There are pitfalls to locking all your money in property. While house prices may seem healthy, there are no guarantees. If prices were to fall, investors may find themselves in negative equity.
When purchasing a buy-to-let property, there are also transaction costs such as stamp duty, legal fees and estate agent fees to consider.
Of course, the charges don’t end once the property has been bought. Tenants require regular attention and maintenance costs and repairs will have to be taken into account. If tenants have not been properly vetted before moving in, landlords could run into problems such as failed rental payments or property damage.
David Lawrenson believes that often, new property investors consider how much money they’ll need, but they overlook just how much time being a landlord takes. He says: “I think people underestimate how much time this can take more than they underestimate the money. You need to register tenants on the deposit scheme, you need to maintain communication with your tenants and keep up with repairs and maintenance. A lot of admin is required and this all takes time and time is money.”
Any vacant periods in between tenancies can seriously impact returns, and if the property is a House in Multiple Occupation, landlords must abide by a wealth of licensing regulations or risk substantial fines.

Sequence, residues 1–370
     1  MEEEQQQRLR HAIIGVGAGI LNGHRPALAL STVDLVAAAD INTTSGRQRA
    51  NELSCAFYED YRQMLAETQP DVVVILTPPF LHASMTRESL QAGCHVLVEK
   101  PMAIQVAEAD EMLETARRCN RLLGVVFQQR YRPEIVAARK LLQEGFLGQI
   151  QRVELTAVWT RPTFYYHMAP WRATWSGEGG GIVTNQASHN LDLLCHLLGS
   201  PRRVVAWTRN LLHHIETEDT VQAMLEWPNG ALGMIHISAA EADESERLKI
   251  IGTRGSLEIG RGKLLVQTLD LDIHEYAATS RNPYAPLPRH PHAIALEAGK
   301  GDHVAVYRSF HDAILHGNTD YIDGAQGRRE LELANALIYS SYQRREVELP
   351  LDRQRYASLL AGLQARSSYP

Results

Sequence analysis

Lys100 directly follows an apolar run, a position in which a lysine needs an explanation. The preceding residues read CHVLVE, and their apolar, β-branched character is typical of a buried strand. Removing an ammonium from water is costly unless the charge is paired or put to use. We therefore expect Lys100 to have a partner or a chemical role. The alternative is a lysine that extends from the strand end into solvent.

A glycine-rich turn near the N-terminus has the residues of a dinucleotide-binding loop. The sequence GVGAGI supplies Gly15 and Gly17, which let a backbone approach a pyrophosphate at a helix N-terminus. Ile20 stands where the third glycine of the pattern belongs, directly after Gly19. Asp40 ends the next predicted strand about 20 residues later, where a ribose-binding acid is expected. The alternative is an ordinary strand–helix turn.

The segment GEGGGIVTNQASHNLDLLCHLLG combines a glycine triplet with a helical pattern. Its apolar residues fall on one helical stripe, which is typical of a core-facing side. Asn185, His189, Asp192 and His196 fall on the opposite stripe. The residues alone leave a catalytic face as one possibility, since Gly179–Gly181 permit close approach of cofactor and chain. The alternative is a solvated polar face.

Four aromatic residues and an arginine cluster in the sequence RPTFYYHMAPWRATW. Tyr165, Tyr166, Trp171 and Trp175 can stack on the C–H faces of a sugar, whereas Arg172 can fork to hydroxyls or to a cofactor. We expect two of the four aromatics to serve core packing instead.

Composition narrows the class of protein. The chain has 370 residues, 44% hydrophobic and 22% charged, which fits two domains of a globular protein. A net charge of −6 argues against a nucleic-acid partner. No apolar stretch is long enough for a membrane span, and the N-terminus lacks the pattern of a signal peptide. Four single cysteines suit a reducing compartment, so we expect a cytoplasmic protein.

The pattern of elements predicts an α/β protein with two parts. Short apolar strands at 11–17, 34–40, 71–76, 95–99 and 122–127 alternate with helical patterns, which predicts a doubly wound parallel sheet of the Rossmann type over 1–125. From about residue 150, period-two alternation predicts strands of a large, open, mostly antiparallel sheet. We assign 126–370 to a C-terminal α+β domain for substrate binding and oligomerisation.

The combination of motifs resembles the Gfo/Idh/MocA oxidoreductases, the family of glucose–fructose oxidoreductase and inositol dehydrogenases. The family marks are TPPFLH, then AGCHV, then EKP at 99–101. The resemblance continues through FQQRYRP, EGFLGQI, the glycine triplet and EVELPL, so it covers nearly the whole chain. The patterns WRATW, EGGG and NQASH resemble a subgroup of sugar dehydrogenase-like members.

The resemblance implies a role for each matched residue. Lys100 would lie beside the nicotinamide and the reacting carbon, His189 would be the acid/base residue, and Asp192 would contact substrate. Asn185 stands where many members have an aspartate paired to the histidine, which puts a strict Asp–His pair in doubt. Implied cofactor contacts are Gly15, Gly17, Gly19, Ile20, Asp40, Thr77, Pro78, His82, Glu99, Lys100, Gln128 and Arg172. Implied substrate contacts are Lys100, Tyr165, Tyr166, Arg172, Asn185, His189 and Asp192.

Of course, while some people choose to sacrifice a pension scheme altogether in order to invest their money in property much earlier on in their lives, it could be said that retirees who draw their savings at the age of 55 have benefitted from the best of both worlds.
They will have already enjoyed employer contributions and tax relief, and by investing in property aged 55 they can make the most of rental yields and potentially boost their income.
While property investment can be lucrative for many, retirees need to do their sums in order to ensure that it is worthwhile for them. Not only are there various tax rules to consider, the endless running around often associated with being a landlord may chip away at the new found freedom of retirement. A buy-to-let is not to be taken lightly and can involve lots of planning and paperwork.
Pensioners will also need to prove that they are worthy borrowers in order to secure a buy-to-let mortgage. While some lenders have age restrictions, there are others who are willing to lend to older borrowers providing they can prove that they will be able to meet mortgage repayments. For more information about buy-to-let mortgages, please get in touch with the team.